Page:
Longtime Indonesian Strongman Suharto Dies at 86
Suharto, the general who emerged from obscurity to rule Indonesia with an iron fist after brutally suppressing a 1965 communist uprising, died Sunday in Jakarta at age 86.
The former president, who was forced out of office 10 years ago after three decades in power, entered the hospital Jan. 4 after his heart, kidneys and lungs weakened. Doctors prolonged his life through dialysis and a ventilator, but he stopped breathing on his own overnight before slipping into a coma Sunday.
He was declared dead at 1:10 p.m. when his heart stopped. The cause of death was multiple organ failure, Chief Presidential Dr. Marjo Subiandono said.
"My father passed away peacefully," sobbed Suharto's eldest daughter, Tutut. "May God bless him and forgive all of his mistakes."
Suharto's regime was widely regarded as one of most corrupt and brutal of the 20th century. He came to power after a group of left-wing army officers and leaders of the Indonesian Communist Party tried to seize control in Jakarta. Suharto narrowly escaped the fate of many of his fellow generals who were assassinated during the uprising. In the coming days, he rallied loyal troops and crushed the uprising, massacring hundreds of thousands in the process.
Then-President Sukarno, who had led the sprawling archipelago nation to independence from the Netherlands in 1949, was weakened by the political crisis and Suharto deftly exploited the chaos. By March 1967, Suharto outmaneuvered Sukarno and took over the presidency. Sukarno died under house arrest three years later.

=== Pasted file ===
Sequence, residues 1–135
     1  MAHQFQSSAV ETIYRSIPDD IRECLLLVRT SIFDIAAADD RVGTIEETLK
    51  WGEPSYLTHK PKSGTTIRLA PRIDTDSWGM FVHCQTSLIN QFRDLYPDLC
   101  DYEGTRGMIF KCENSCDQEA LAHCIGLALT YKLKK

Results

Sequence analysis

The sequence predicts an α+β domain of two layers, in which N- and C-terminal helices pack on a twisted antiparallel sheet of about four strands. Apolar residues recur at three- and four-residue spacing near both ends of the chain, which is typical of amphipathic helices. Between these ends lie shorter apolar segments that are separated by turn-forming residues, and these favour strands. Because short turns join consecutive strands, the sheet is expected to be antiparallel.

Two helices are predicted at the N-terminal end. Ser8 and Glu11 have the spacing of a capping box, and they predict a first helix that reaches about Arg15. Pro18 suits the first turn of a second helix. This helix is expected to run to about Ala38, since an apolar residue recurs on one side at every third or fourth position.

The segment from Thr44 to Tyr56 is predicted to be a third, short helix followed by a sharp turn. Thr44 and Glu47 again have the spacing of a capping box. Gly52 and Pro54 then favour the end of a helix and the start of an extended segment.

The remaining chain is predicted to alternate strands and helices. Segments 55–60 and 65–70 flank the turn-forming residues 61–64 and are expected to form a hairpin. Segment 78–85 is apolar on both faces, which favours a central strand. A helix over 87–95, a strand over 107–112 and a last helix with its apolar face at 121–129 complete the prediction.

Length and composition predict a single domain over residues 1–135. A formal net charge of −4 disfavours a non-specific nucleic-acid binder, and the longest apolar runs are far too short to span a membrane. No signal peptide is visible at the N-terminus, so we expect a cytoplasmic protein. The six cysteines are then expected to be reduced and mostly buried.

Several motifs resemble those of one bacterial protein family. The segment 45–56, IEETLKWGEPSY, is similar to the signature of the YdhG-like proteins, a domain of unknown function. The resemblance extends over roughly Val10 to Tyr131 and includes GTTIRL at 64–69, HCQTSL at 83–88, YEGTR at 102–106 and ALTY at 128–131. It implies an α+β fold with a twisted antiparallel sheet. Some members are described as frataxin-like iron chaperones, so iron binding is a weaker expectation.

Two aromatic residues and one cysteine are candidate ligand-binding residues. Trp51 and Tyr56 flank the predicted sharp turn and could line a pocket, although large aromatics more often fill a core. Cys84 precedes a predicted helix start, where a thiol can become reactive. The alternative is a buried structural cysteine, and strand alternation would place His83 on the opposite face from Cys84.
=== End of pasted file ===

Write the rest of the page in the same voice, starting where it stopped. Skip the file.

During his years in office, Suharto brutally dealt with dissenters and was accused of siphoning off billions of dollars of state funds for himself, family and close associates.
Even after leaving office, Suharto steadfastly rebuffed the allegations as "empty talk." In 2004, however, he topped a "most corrupt" list put out by the nongovernmental organization, Transparency International, which said he had taken between $15 billion and $35 billion during his years in power. The Berlin-based group tracks corruption worldwide.
The former strongman had been previously charged with graft but escaped prosecution when he was deemed too ill to stand trial. The deterioration in his health in the days before his death prompted some senior politicians and one of Suharto's daughters to call for all remaining legal proceedings against him to be dropped.
During the Cold War, Suharto's anti-communist credentials made him a key U.S. ally; he enjoyed close relations with several U.S. administrations. In 2001, declassified documents confirmed a long-held suspicion that in a December 1975 meeting with President Gerald Ford and Secretary of State Henry Kissinger, Suharto was given the green light to invade the breakaway region of East Timor.
Suharto also forged secret agreements with Washington to share intelligence and allow U.S. nuclear submarines passage through key sea lanes around Indonesia.
By 1997, a meltdown in Asian currencies sent economic shockwaves through the region, and Indonesia's rupiah was among the hardest hit. Years of pent-up anger against Suharto's regime boiled over into the streets of Jakarta and by 1998, the capital was wracked by riots amid a collapsing economy.
Still, Suharto clung to power, running unopposed for reelection in March 1998. The sham vote sparked further protests and dissention within Suharto's own Golkar party. To avoid a potential civil war, Suharto agreed in May 1998 to step down and hand power to his deputy, B.J. Habibie.
Since stepping down as president, Suharto had lived a quiet and secluded life in a leafy Jakarta suburb, rarely venturing from his mansion.
Despite the brutality of his rise and years in power, Suharto did preside over unprecedented growth in Indonesia, the world's most populous Muslim nation. That has led many to suggest that his legacy comprise equal doses of praise and criticism.
"He brought Indonesia into modern world," said Dewi Fortuna Anwar, a professor at the Indonesian Institute of Sciences.
Salim Said, a political analyst said that, as a young man, he saw first-hand the rapid economic progress spawned by Suharto's policies, but the other side of the leader "enriched himself, as well as his cronies."
"That is the black part, (the) dark part of Suharto," he said.
With additional reporting from NPR's Michael Sullivan and The Associated Press.